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Weekly (3/21/16)

Topic of the Week  Money Shot

  • Maintain two accounts.
  • Don't expect to beat the market.
  • Spending matters.
  • Know when to fold.

A conversation with a friend recently moved from the stock market to our personal financial plans for the future. His response? "My secret, win the lottery." But even more important than having a plan for our own financial future is the need to discuss money with our kids. This is one of the most often overlooked responsibilities of being a parent. Which reminds me of when my younger daughter once told me that she'd found a ten dollar bill. I asked where she found it and she said, "On the floor in your closet."

Unfortunately for many kids, that's how money works. It just appears in your home, in a car seat or even in a wallet. And for many parents the money conversation never goes much further than a weekly "allowance and chores" conversation. Okay, I have a hidden agenda here. I'm writing this column to give to my older daughter the financial pep talk that I've known that I should have done a while ago. Who knows? It would be great if this motivates you to have the Benjamin conversation with your kids, nieces, nephews, whatever. Or maybe even yourself.

Maintain two accounts. Let's face it, your paycheck is mostly about paying bills, not the future. The way to create a foundation is to have another account for your savings. Not a bank savings account, at current interest rates it would take you forever to save anything. No, you need an account that you don't touch until you retire. The key is to contribute to it regularly. If your company has a matching 401(K) match, squeeze every dollar that you can out of them, this is as close free money as you can get.

Don't expect to beat the market. Friends will often tell you about the stocks that they had that went through the roof. But those same friends will seldom tell you about the bigger share of their portfolio that went south. As my finance professor in college said, remember there are thousands of professionals with more information, be happy if you match the market.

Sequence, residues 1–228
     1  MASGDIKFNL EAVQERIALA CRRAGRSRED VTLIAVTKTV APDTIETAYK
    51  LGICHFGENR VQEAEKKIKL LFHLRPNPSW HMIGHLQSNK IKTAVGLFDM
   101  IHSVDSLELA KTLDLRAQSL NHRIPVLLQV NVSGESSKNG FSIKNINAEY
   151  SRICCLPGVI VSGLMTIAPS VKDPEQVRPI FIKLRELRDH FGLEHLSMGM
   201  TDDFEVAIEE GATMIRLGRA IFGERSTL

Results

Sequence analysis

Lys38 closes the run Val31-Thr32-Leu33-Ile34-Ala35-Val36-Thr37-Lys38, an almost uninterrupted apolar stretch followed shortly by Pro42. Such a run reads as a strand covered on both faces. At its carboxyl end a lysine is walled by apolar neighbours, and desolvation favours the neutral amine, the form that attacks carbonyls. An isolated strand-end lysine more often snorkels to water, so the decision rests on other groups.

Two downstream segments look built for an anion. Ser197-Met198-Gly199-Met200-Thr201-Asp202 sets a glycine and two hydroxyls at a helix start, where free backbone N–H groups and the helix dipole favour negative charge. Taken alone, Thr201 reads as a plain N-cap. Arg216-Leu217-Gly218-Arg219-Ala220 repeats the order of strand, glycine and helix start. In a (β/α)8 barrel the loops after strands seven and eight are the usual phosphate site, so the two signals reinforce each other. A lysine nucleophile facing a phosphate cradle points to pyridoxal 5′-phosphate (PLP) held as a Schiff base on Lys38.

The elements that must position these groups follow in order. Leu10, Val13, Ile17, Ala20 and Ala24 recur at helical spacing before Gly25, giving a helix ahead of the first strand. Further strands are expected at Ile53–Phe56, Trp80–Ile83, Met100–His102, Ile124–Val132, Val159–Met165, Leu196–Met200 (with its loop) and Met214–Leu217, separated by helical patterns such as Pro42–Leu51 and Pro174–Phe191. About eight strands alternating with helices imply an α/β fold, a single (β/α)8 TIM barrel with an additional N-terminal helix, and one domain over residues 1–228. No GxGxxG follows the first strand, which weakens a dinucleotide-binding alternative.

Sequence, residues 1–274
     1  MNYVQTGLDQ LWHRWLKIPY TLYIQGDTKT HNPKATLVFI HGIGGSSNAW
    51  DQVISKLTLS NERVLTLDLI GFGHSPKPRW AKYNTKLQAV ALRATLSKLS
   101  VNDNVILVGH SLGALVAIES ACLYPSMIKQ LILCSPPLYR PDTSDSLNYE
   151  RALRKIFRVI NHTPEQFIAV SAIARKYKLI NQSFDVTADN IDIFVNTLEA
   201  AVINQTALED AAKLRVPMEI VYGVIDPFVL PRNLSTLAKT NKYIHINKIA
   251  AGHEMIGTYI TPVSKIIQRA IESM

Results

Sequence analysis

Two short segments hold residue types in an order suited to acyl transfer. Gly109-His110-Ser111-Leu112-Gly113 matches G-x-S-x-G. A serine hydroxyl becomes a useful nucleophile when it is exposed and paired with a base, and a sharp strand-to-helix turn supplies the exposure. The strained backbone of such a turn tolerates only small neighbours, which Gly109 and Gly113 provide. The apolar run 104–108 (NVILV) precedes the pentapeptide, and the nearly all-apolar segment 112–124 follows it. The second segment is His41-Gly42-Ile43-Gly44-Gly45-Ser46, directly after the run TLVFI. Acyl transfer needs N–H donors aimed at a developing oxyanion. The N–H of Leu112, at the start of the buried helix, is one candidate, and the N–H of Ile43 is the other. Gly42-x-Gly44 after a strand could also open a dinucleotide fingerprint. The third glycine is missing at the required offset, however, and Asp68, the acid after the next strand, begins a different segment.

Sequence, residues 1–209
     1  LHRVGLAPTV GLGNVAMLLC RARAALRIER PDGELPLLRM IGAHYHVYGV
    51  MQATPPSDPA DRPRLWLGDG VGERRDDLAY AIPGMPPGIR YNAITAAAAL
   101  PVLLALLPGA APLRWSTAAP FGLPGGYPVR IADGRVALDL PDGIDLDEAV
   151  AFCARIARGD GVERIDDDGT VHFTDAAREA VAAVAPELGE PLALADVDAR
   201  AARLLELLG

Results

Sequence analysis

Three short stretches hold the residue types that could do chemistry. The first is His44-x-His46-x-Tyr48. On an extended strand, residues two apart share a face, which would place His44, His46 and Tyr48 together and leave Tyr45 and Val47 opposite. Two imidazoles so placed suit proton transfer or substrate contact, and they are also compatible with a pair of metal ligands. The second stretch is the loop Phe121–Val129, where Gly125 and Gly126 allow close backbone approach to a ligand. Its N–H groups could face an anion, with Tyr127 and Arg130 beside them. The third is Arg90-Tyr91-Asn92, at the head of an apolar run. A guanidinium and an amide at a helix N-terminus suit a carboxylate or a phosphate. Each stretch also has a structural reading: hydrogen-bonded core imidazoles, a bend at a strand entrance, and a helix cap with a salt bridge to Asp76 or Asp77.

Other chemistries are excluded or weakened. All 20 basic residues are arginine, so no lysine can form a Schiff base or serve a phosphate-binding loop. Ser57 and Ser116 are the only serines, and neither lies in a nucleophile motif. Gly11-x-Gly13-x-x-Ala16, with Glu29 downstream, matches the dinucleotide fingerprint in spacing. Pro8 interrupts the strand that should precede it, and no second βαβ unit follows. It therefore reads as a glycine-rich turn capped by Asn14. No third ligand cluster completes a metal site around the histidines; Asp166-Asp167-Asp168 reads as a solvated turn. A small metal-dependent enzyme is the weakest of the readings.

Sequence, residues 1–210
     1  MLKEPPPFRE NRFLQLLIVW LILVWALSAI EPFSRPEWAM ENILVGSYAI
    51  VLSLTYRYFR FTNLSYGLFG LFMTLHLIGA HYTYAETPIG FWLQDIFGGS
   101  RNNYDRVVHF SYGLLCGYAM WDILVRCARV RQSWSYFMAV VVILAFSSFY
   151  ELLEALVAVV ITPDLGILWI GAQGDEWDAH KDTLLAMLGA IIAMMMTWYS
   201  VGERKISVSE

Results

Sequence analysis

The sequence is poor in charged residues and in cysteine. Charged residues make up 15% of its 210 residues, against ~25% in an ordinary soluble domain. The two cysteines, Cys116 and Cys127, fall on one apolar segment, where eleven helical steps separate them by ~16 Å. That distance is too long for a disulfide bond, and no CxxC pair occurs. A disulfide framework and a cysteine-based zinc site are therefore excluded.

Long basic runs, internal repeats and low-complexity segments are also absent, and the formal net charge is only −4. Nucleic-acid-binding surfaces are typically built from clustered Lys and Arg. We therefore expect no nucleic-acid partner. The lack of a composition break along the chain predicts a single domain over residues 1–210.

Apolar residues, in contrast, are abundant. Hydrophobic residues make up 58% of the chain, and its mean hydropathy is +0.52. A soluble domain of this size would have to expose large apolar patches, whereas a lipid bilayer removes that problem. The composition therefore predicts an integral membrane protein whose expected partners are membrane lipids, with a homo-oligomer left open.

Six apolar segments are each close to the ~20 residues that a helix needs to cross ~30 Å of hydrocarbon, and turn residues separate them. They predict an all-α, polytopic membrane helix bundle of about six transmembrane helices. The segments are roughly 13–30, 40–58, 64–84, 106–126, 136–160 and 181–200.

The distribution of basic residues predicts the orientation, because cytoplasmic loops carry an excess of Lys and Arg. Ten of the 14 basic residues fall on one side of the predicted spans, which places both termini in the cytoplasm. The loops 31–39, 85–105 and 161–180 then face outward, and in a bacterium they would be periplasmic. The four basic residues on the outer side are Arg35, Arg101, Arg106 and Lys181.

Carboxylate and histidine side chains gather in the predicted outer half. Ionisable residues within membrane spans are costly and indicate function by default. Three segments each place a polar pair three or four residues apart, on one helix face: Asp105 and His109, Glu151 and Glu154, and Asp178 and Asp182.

Spending matters. Okay, this is the unsexy part of finance. The less you spend the more you have to invest. Splurge occasionally, but look for all the opportunities that you can to conserve your hard earned cash.

Know when to fold. We've all heard the phrase "buy low, sell high." It's often easy to do half of that equation. For example, I'm great at finding a stock that's undervalued and jumping in. The problem is that I have a much tougher time selling the stock when it starts to drop. Know your investing weak spot and figure out ways to play to your strengths and to avoid having your weaknesses haunt you.

My favorite philosophy of money comes from Mickey Mantle. "I'd taken care of myself better if I'd known that I was going to live this long." Save money over the long haul and you can stay away from those lottery tickets.

Bob Rosner is a best-selling author and award-winning journalist. For free job and work advice, check out the award-winningworkplace911.com. Check the revised edition of his Wall Street Journal best seller, "The Boss's Survival Guide." If you have a question for Bob, contact him via bob@workplace911.com.

Thought of the Week

"The only way to entertain some folks is to listen to them."

–Kin Hubbard

Weekly Comic by Jerry King

Weekly Comic by Jerry King

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    from Career Builder

    Distractions: Biggest Distractions at Work

    • Chatting with co-workers about non-work related stuff: 34 percent
    • Internet searches: 22 percent
    • Loud co-workers: 18 percent
    • Personal calls or emails: 17 percent
    • Office drama: 15 percent 

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